40. Father Wilson says:

    Don’t worry about the outlying boroughs. The problem has been solved there too. There are no Catholic hospitals left in the five boroughs. Just a ten minute walk north of my rectory Saint John’s Hospital of Elmhurst stands. Empty, as it has been for many months.

  41. I have no doubt that when churches, hospitals, charities, and other Catholic institutions start closing due to Obama’s health care law, folks here on this blog will continue to vote for him and his party.

  42. Tom in Lazybrook says:

    The Church isn’t paying for those positions. They are simply a passthrough of taxpayer dollars.

  43. Tom in Lazybrook says:

    Obviously, a study reported on a very conservative blog that reports the lobbying arm of the “Catholic” Hospitals Organization is going to paint the situation with their hospitals in a positive light.

    The beds won’t disappear. They’ll just be operated by non-discriminatory agencies that are able to employ the best talent, rather than the best talent that is straight and male (and presumably) Catholic.

  44. George, you’re exactly right, there is no doubt about it. They’ll still be saying ‘we have to find common ground’

  45. So don’t go to a Catholic hospital if you don’t like straight, Catholic doctors.

  46. Good point Sara. People overlook that the church goes to war over the gay marriage issue, and that involves both sexes. The Catholic Church is not anti women.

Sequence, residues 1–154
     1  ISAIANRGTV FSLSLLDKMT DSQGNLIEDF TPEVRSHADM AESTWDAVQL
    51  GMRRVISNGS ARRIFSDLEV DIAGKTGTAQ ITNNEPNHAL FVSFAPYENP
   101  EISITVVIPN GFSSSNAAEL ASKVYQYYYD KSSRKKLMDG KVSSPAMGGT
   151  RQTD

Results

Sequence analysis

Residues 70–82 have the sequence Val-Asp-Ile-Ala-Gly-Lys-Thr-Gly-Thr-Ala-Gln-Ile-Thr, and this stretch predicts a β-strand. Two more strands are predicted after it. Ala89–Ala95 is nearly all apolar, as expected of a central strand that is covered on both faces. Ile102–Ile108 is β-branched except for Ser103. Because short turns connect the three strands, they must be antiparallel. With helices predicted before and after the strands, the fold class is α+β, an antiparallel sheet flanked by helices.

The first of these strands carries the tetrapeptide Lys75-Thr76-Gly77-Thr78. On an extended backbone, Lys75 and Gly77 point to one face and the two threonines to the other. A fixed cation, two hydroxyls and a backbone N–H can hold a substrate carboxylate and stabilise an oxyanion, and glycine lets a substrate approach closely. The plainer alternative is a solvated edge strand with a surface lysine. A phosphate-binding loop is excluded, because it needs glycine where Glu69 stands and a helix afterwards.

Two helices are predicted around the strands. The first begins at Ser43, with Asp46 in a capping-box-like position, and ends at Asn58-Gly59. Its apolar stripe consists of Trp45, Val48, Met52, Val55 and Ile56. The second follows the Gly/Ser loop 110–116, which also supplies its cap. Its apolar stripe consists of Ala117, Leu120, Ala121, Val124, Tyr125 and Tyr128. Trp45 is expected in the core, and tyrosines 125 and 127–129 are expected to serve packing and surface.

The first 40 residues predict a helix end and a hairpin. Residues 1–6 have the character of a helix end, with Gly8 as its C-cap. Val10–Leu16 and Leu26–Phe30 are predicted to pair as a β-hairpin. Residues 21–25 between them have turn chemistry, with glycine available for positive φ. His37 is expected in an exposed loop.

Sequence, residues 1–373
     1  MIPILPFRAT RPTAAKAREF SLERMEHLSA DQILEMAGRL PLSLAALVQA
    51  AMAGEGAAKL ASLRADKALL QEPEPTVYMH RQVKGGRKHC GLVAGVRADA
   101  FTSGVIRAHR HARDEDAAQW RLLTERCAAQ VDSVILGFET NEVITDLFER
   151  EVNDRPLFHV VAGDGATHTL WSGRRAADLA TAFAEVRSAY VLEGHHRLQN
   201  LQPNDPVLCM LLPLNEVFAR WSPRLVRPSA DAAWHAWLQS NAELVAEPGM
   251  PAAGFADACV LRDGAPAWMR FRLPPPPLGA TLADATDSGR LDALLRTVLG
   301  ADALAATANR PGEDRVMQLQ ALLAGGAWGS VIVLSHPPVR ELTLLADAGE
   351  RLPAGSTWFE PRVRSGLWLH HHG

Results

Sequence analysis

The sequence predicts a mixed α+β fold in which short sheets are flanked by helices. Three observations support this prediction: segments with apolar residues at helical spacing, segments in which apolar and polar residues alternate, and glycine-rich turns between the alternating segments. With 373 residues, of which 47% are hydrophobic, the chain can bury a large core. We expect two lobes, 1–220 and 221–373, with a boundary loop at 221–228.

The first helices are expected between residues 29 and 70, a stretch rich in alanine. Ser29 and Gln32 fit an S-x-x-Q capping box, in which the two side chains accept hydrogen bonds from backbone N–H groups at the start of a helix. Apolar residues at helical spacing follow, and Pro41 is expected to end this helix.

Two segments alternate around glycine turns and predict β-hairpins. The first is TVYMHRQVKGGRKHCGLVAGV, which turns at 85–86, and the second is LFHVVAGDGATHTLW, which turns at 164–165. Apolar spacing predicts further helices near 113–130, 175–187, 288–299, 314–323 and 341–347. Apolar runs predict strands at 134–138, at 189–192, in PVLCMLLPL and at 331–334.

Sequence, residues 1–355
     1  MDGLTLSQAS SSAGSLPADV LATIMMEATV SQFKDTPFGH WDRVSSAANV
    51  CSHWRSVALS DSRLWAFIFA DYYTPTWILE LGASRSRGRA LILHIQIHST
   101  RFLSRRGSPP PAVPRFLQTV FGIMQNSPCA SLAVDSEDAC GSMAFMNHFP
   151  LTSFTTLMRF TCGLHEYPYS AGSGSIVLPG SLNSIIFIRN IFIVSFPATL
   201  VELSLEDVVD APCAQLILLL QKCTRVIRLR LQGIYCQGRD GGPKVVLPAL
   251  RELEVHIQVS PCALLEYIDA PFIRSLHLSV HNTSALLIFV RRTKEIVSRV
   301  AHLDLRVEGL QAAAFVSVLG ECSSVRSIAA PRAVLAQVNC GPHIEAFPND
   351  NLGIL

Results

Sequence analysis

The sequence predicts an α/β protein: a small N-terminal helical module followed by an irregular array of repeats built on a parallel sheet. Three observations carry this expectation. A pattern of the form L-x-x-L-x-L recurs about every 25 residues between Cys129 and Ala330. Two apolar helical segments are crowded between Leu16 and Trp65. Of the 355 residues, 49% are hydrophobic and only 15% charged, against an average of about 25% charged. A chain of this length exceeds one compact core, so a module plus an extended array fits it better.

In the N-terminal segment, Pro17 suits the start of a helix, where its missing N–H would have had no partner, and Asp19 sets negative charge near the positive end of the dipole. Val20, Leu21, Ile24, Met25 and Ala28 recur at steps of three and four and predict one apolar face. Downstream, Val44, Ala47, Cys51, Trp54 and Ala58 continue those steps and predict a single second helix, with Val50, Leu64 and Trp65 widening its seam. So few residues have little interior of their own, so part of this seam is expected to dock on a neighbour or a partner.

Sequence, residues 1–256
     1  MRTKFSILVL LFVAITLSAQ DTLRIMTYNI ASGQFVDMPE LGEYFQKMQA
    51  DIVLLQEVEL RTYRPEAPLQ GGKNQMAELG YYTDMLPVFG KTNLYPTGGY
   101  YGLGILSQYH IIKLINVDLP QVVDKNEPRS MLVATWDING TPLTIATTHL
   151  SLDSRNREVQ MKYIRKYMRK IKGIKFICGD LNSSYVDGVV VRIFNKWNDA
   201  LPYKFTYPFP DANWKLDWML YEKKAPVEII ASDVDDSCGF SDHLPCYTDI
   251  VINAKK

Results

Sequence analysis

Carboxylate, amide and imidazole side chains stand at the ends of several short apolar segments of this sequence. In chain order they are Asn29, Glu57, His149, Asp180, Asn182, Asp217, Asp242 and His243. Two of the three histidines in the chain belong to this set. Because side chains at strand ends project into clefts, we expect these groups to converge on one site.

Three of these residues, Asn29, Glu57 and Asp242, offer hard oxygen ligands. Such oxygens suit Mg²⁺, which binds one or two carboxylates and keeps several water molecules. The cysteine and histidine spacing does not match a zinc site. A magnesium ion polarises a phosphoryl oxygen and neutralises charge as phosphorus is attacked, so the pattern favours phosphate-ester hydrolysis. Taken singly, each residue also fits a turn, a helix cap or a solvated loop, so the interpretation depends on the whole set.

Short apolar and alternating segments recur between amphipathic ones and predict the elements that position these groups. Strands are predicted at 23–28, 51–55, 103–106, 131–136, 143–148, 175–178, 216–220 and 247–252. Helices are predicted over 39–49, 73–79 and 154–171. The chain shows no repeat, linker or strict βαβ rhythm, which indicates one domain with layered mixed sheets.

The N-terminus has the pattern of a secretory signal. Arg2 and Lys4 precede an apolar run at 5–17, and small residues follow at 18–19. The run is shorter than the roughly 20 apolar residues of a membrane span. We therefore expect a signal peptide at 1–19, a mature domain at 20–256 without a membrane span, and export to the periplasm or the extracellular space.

47. When you make the claim the Catholic Church discriminates, you are striking a low blow, and a false one. Even Liberal Catholics don’t go that far. Why are you even here Tom, if you aren’t even Catholic?

  48. Deacon Norb says:

    I really REALLY would like to see a serious and honest discussion about appropriate Roman Catholic responses to Defense spending, the role of the military in our modern society and the associated balance between Defense versus Social Issues priorities in any future Federal Budget. The problem is — this specific blog-stream is not the place. “Mike R” and “Will” do want to contribute to this topic. No doubt others do also. I am one of several deacons who post on this blog who continue to have interest here.

    Let’s see if Dcn Greg can trigger a different stream. It really does not fit in a stream on the issue of Catholic Health Care and the bishops response to the HHS mandates.

  49. Deacon, IMO, I believe that anyone aware of what is going on in America today know which posts will bring out the strong differences from those on both sides of the divide in this country. If the comments really bother you, it seems it would be easy to just not post those you know by now will bring out what the emails from those saying “they can’t read the comments anymore because they have become an occasion for sin and are hurting them spiritually.”